Tahr nannies and juvenile males
Image: Dylan Higgison | ©


DOC is working with Ngāi Tahu and the Tahr Plan Implementation Liaison Group, to achieve the goals of the Himalayan Thar Control Plan 1993.

Each year, we work with hunting and conservation stakeholders to produce an operational plan. We do this through the Tahr Plan Implementation Liaison Group (TPILG).

The annual plan outlines how DOC will work with hunters to control tahr and protect native ecosystems. This includes on and off public conservation land.

Operational Plan 2021/2022

This plan was developed through engagement with the TPILG for five months. Their feedback from meetings and in written submissions helped to refine this 2021/2022 plan.


Completed control operations

Since July, control operations were undertaken in management units (MU):

  • 2 (South Whitcombe – Whataroa)
  • 3 (Gammack/ Two Thumb)
  • 4 (Westland Tai Poutini National Park and Aoraki/Mount Cook National Park)
  • 5 (Ben Ohau)
  • 6 (Landsborough).

All of this year’s aerial control within the feral range, including within Management Units, has been completed under this Operational Plan which runs through to 30 June 2022.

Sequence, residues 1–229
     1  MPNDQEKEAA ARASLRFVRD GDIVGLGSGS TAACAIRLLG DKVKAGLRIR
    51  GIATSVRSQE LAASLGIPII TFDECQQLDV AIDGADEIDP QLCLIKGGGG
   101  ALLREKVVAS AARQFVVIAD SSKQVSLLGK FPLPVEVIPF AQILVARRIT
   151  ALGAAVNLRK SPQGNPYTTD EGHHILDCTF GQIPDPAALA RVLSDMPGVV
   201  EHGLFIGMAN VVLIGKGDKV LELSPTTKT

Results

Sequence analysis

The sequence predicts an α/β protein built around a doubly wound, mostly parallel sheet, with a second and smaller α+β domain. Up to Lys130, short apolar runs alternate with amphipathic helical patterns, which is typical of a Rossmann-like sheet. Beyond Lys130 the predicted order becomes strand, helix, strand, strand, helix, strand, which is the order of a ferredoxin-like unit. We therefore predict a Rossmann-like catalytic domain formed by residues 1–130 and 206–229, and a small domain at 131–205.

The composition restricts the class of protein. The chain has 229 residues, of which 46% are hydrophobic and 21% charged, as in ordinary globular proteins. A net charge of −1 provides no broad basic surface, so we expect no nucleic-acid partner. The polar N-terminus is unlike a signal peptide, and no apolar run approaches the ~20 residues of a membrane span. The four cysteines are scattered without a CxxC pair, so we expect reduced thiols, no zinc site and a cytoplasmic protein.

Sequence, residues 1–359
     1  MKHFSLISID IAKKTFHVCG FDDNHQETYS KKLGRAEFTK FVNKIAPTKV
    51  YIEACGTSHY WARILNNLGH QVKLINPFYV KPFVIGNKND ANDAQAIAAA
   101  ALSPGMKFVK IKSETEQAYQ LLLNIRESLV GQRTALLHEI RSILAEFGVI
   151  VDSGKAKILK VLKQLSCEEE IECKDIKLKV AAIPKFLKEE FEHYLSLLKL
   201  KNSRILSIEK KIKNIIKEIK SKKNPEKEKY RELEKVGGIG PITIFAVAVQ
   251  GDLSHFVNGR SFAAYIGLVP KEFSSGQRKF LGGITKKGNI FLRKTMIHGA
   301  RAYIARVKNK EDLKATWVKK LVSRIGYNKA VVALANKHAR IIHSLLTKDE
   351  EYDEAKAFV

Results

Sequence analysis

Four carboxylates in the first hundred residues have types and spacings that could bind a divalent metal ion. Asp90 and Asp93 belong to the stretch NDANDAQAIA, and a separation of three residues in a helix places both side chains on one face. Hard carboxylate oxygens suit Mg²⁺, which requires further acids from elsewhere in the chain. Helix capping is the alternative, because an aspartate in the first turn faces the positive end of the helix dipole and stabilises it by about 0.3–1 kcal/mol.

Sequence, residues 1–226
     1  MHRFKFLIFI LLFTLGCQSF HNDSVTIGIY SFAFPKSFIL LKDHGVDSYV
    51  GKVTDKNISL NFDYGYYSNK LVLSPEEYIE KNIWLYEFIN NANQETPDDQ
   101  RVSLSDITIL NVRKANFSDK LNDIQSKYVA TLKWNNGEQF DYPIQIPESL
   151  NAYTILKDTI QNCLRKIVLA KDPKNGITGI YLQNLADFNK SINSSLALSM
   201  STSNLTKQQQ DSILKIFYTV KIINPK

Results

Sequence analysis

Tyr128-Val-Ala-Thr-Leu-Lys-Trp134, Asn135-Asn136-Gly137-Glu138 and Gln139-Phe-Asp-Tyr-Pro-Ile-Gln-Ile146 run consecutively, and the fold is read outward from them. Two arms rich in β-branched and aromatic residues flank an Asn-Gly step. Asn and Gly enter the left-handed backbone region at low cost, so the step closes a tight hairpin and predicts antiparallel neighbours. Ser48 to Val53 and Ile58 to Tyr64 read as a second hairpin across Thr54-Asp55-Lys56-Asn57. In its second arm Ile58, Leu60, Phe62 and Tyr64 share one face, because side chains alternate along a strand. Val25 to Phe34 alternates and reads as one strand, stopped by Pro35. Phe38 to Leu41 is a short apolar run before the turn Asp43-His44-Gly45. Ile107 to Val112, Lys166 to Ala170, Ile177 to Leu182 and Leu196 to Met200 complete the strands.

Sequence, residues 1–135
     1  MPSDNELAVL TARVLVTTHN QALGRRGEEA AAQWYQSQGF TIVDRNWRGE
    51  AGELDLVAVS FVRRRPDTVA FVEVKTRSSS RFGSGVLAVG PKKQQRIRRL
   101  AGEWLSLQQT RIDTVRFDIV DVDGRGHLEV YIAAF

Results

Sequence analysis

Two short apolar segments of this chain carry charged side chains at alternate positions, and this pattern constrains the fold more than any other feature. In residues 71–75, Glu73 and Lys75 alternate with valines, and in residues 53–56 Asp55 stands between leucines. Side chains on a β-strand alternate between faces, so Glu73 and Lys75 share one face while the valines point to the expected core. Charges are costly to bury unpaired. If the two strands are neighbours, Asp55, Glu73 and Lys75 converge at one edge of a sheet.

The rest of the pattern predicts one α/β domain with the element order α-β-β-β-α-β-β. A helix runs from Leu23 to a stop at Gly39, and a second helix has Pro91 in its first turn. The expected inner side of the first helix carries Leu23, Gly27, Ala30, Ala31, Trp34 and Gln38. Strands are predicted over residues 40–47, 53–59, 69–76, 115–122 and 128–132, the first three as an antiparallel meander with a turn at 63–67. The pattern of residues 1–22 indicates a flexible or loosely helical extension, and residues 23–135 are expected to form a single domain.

South Rakaia/Rangitata (MU 1) and Wills/Makarora/Hunter (MU 7) are not receiving any aerial control under the 2021/22 Operational Plan.

New maps showing bull tahr locations

We have new maps showing areas where bull tahr have recently been observed in MUs 2, 3, 5 and 6. We have also published 11 maps of the aerial control undertaken to date for the 2021/22 Operational Plan. These cover control undertaken in MU 2, MU 3, MU 4, MU 5, MU 6 and inside the feral range.

New maps published.

For specific detail on other management units, view the Tahr Control Operational Plan 2021/2022 (PDF, 2,679K)

We'll provide ongoing updates as this year’s operations continue. These will be published and include:

  • maps showing identifiable male tahr observations
  • maps showing where control has occurred to date, and
  • confirmation of when work in each area is complete for the season.

These updates will give hunters certainty on areas they can hunt tahr knowing our control is complete for the year.

Aim of the control plan

DOC’s Tahr Control Operations are guided by the statutory Himalayan Tahr Control Plan 1993. This was developed under section 5(1)(d) of the Wild Animal Control Act 1977. 

The plan sets a maximum population of 10,000 tahr across 706,000 ha of private land, Crown pastoral leases and public conservation land within the tahr feral range. The feral range is the legal boundary of where tahr are allowed to be.

Regional approaches

The control plan details the work we have currently scheduled. A summary of our plans for some regions is available below.

Around the midpoint of the control programme DOC and the Game Animal Council will review our work to date. We may then reallocate resources to other management areas to optimise control.

No control for South Rakaia/Rangitata and hunter-led management